distribution of phase difference in the original aperture is
bigger in the center and smaller at the edge. If dsz is
positive, namely the sub-reflector moves to the ?Z direction,
the distribution of the phase difference is similar to that
with a negative dfz.
For a hemisphere radome in common use, the maximum
cmax locates at the edge of the aperture, and the minimum
cmin is 0 in the center of the aperture. Thus, the phase
difference in the transmission aperture is
The distribution of DgT is smaller in the center and
bigger at the edge, which is just inverse to the distribution
of phase difference caused by negative dfz or positive dsz.
Hence, the two-phase difference can offset each other and
realize the compensation of the distortion of radiation
pattern. This means DgT ? Dgf or DgT ? Dgs.
Then, the value of the offset focus of the feed is
The value of the offset focus of the sub-reflector is
From the above analysis, it is known that the offset focus or
T leads to a phase difference in the transmission aperture and
result in the distortion of radiation pattern as well as the
degradation of radiation characteristics. However, if they
work together, the degradation will be mitigated significantly.
Flare angle n0 is less than n at the same point in the
subreflector. To compensate the same DgT, the value of dfz is
larger than that of dsz. Thus, the compensation by moving
the sub-reflector is more appropriate than by moving the
feed in practice. For most reflector antenna in engineering,
both the sub-reflector and feed are fixed by bolts, if we
adjust the bolts, the position of the sub-reflector or feed
could be changed in a small range.
Once dsz is determined, the phase shift ga of each point
in the aperture can be obtained by Eq. (9). Then, substitute
ga into Eq. (3), and the far field of an antenna with a
radome can be expressed by
T ?q; /?f ?q; /? exp j?u?q; /? ? ga?qdqd/:
By numerical integration, the calculation of Eq. (12) is
4 Simulation Examples
Two antenna-radome systems are used for simulation: (1) a
5.2 m reflector antenna with a 9.14 m one-piece dielectric
sandwich radome (Fig. 1(a)); (2) a 26 m antenna with a
40 m multipartite dielectric sandwich radome (Fig. 1(b)).
Two examples are used here for different purposes. The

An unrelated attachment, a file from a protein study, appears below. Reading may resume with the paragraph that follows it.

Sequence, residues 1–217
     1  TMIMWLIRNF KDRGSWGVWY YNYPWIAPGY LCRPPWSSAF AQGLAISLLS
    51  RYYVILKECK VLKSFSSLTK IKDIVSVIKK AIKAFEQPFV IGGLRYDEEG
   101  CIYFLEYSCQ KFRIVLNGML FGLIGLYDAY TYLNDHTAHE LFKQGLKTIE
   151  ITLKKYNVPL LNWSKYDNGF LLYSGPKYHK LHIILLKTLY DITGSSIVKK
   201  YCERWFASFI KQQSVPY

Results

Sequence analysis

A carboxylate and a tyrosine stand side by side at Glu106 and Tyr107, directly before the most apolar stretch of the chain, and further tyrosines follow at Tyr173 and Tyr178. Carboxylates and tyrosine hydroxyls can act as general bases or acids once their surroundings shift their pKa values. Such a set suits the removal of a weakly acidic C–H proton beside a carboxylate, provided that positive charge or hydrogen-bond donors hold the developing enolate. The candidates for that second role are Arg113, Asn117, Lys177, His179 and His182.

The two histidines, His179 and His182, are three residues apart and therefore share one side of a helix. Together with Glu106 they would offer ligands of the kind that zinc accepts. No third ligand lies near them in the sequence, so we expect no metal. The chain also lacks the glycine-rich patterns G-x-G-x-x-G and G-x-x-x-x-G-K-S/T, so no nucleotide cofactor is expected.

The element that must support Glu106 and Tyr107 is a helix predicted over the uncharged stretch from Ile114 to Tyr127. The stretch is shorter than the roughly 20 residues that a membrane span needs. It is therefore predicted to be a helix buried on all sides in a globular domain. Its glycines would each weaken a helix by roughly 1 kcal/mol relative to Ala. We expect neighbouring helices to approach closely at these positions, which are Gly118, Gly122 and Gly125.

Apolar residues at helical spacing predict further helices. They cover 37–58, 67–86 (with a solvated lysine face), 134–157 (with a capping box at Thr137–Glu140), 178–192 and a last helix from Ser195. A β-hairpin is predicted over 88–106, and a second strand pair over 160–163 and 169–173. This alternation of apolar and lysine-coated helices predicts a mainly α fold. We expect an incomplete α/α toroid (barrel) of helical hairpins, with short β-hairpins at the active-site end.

first purpose is to verify the effectiveness of the
compensation strategy and its feasibility for the multi-band
antenna-radome system. The second is to test the validity
of the strategy for multipartite sandwich radomes.
Table 1 Information of simulation examples
Table 2 Material parameters of the radome
d/mm e/(F m-1)
Table 1 gives some information of the examples. The
parameters of the materials are listed in Table 2.
A-Sandwich (Fig. 1(a)) has two layers of skin (glass fiber) and one
layer of core (foam). C-Sandwich (Fig. 1(b)) has four
layers of skin and two layers of core. For all examples, the
original aperture follows an equal distribution of amplitude
and phase, and the enclosed antenna points to the sky.
4.1 5.2 m reflector antenna with a 9.14 m one-piece
The one-piece radome means that there is no connected
joint (ignored) between two panels. Hence, the jointed
panels is considered to be a smooth hemisphere. The
enclosed antenna is a Cassegrain antenna, and the focus
diameter ratio is 0.4, with n0max = 31 and nmax = 80 .
Four situations are considered in this example, including
antenna without offset focus, antenna with offset focus,
antenna under radome without offset focus and antenna under
radome with offset focus. Some parameters of radiation
characteristics are listed in Table 3. As can be seen, the power
loss (the change of Emax) is about 0.2 dB at 2.3 GHz, the
sidelobe-level (SLL) degradation is about 0.24 dB, the nulling
depth (ND) degradation is about 16 dB, and the phase
difference (PD) in the transmission aperture is 0.4. The value of
dsz is 0.066k by Eq. (11), and the value of dfz is 0.44k by
Eq. (10). The latter is much larger than the former, which
indicates that moving sub reflector is more appropriate.
Table 3 Main parameters of 9.14 m radome under 4 situations
After compensation, the power loss is only 0.14 dB,
which is less than the uncompensated value. The
sidelobelevel (SLL) is improved greatly and approaches to the value
of no radome. The nulling depth (ND) increases about
14 dB from -27.18 dB to -41.25 dB. The phase
difference (PD) in aperture is only 0.055, which is much less
than the uncompensated value 0.4.
At 5.3 GHz, the results are similar to those at 2.3 GHz,
but the degradation is relatively obvious. Before
compensation, the power loss is 0.67 dB, the sidelobe-level
degradation is 1.26 dB, the nulling depth degradation is 23 dB,
and the phase difference of aperture is 0.92. Hence, the dsz
will be more than 0.1k, which leads to the degradation of the
enclosed reflector antenna. Previous studies show that if the
value of the offset focus is less than 0.1k, the degradation is
so tiny that can be ignored. In this viewpoint, there is a
limitation for the compensation strategy, that is, the
maximum value of moving the sub-reflector is 0.1k. This means
that if the phase difference of T is too large, it cannot be
compensated completely. In spite of this, a partial
compensation of 0.1k is still available.
Here, after partial compensation, the sidelobe-level
degradation reduces from 1.26 dB to 0.1 dB, the nulling
depth degradation reduces from 23 dB to 5.2 dB, the power
loss reduces from 0.67 dB to 0.4 dB, the phase difference
reduces from 0.92 to 0.32.
For comparison, the results from antenna with offset
focus are also involved in Table 3. They are worse than the
results from antenna without offset focus and those from
antenna under radome with offset focus.
The above simulation results illuminate that, the radome
leads to the degradations of radiation characteristics, and so